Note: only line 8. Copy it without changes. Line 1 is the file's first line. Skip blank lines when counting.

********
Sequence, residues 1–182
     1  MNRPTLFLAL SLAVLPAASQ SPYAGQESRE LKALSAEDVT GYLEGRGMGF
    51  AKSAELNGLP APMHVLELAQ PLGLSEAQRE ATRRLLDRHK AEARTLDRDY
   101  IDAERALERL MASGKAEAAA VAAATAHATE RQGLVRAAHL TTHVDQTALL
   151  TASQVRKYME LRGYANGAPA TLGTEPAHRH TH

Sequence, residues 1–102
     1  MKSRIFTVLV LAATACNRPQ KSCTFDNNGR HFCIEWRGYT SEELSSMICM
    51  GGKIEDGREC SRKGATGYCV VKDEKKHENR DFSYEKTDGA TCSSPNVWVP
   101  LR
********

    51  GGKIEDGREC SRKGATGYCV VKDEKKHENR DFSYEKTDGA TCSSPNVWVP